Becoming a homeowner is an exciting process and many cannot wait to finally move in. Once the mortgage loan is approved and all of the underwriting has been completed, its just a matter of time before the closing date approaches. As it does, there is more than just packing and getting a moving truck that needs to be checked off of your to do list. Before your home purchase it officially complete, you will have to perform a final walk-through of the home. It takes place a few days before closing as a means to provide homebuyers a last-minute reprieve—just in case something has occurred since you first made an offer that may prevent you from wanting to finalize the sale.

Before the walk-through, you should have these items on hand:

  • Pen and notepad
  • Home inspection report
  • Contract describing any repairs or changes that were requested as part of the sale agreement
  • Camera
  • Cellphone
  • Charger

Here’s what you should look for during your final walk through of your new home purchase. Having your home inspection report and contract will help you look for specific details that were to be addressed and ensure that they have been.

Windows and Doors

  • Open and close each to verify how well they can open, close, and lock.
  • Check for any cracks in the glass or any imperfections in the seals.
  • Identify if any are missing screens or have tears in the screens.
  • Look for any signs of water damage around the windows, doors, or baseboards nearby.


  • Check all appliances to verify if the work, including the refrigerator, microwave, oven/stovetop, and dishwasher.
  • Check for water damage around the dishwasher and sink.
  • Turn on the sink faucet to verify water pressure and how quickly the temperature changes between hot and cold.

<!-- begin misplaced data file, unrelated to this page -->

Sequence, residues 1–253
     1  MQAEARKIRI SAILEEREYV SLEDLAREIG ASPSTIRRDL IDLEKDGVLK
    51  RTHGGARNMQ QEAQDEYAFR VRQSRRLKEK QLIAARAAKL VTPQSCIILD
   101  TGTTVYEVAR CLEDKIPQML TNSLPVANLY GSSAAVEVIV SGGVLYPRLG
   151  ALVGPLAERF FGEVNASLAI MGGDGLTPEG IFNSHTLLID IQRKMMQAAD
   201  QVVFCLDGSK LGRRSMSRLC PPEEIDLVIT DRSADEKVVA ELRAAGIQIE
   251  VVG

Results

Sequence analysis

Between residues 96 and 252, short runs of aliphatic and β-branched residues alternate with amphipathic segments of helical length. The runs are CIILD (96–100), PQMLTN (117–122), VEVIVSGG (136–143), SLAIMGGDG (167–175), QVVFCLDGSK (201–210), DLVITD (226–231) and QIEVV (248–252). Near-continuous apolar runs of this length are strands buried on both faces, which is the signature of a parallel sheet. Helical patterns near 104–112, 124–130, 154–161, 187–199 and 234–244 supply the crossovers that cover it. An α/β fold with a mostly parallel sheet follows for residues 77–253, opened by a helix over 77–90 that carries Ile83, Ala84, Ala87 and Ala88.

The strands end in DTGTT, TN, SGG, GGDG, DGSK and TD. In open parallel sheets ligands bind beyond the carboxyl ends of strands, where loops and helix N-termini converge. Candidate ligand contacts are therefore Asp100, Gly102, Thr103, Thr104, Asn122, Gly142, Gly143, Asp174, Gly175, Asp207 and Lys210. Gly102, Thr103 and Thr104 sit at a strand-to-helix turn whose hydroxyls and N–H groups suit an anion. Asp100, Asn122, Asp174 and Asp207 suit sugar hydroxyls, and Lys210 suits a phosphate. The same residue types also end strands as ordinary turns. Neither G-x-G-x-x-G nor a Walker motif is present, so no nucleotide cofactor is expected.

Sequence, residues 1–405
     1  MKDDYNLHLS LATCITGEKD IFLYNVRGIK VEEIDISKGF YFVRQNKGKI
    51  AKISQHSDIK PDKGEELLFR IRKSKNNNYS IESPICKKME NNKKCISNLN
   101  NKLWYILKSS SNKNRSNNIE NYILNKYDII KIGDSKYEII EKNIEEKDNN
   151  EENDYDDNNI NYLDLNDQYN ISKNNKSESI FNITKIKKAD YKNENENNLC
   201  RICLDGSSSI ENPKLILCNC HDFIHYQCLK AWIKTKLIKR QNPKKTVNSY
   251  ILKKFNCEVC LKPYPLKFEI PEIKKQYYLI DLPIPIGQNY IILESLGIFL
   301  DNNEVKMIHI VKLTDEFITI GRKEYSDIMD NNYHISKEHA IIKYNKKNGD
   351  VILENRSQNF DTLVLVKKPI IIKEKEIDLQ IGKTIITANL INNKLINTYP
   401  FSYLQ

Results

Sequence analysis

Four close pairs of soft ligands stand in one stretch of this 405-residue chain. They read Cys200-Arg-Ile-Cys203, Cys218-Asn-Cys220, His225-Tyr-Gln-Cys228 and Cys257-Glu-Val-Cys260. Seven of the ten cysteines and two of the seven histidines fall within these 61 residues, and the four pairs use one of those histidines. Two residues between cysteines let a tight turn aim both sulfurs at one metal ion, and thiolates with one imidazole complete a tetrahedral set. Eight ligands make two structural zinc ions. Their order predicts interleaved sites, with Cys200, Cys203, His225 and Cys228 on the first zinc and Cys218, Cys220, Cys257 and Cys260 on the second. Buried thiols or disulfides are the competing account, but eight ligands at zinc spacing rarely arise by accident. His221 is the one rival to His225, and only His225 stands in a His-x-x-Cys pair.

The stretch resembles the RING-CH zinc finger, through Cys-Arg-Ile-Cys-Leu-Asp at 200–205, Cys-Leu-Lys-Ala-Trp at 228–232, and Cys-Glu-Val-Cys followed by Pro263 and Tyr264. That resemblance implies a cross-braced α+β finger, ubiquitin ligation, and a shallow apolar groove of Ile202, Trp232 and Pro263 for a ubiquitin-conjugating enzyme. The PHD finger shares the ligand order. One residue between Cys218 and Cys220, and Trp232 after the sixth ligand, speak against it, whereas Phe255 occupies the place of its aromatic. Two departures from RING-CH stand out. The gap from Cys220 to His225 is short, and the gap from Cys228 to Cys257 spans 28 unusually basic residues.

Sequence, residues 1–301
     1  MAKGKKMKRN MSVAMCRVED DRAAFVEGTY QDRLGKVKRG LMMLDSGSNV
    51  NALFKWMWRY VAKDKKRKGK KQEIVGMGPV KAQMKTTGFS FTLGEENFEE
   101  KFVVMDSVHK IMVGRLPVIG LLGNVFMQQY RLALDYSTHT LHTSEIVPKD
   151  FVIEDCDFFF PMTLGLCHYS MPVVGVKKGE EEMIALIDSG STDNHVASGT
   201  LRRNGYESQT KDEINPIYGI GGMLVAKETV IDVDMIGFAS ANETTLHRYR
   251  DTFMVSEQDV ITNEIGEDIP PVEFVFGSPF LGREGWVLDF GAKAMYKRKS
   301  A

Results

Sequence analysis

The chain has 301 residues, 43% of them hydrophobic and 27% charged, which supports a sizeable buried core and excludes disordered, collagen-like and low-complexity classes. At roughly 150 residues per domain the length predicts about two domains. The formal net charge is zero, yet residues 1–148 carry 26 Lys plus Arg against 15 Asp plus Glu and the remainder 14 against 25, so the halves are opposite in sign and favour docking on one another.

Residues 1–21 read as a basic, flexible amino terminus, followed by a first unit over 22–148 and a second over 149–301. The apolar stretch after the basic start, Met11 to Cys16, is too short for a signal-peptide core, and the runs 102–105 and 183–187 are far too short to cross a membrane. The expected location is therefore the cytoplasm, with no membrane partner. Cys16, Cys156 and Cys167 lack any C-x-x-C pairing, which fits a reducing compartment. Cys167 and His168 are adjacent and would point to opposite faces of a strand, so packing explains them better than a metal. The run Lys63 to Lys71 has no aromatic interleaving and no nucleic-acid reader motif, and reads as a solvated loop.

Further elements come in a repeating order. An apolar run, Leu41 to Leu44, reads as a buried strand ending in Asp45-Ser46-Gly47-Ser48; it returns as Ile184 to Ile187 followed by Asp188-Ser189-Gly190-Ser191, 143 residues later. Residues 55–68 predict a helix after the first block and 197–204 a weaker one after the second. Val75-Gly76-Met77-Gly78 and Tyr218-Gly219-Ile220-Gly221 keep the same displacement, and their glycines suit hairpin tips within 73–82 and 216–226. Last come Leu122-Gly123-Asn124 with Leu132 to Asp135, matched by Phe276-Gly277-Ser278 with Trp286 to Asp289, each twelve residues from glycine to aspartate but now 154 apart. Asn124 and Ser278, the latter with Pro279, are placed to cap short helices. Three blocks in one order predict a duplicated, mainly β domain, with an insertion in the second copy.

• Also watch any appliance for leaks, including the fridge. Also check the ice machine and water dispenser if the refrigerator has one for functionality, damage, or other issues.
  • If the sink has a garbage disposal, be sure it works.


  • Check water pressure by turning on the water in the shower and sink. This also lets you get a good idea how well they drain.
  • Turn on both the hot and cold water to see how quickly the water warms up and how hot it can get. This will give you a rough idea on how well the water heater works.
  • Watch for any leaks or drips from the shower or sink faucets.
  • Flush the toilet to see how well it works and for any damage around the base of the toilet.

Washer and Dryer

  • Turn on both to verify they work and that there are not any leaks or issues with functionality.
  • Check the washer following the end of a cycle to ensure the water drains as it should.
  • If there is a utility sink, check the faucets for leaks and any water damage around the sink area.

Electrical Outlets

  • Using the charger you brought, check each of the outlets to make sure they work.
  • Keep an eye out for any damaged outlets or covers.

HVAC System

  • Run both the heat and the AC to make sure both systems function as they should.
  • Check each of the vents for output of air or blockages.
  • Check to see what size filter the system requires so you can prepare to handle the maintenance it requires.
  • Inspect the drain pan or pipe for blockage.

Water Heater

  • Check around the water heater for signs of water damage.
  • Running water through faucets throughout the house can give you an idea of how long it takes to warm up the water and how evenly pressurized the flow is.

Potential Concerns or Issues

Keep notes using the pen and paper you brought along and cross check it with the home inspection report for any discrepancies. Also compare it to your contract—were any of the issues on the agreement not corrected?

Should you discover new issues that are high priority—such as water damage or leaks, mold, or require major repairs or maintenance—discuss these concerns with your realtor and the seller’s realtor. If anything was not fixed that should have been per your purchase agreement, also bring this up. However, minor things such as a chip in an outlet cover that does not affect the functionality or pose a risk to residents, it may be best to address yourself after moving in. Becoming a homeowner comes with a reasonable amount of responsibility and maintenance.

It is important to take your time during your final walk through. Once the closing date arrives and documents are signed and keys exchanged—it’s too late to back out or request changes.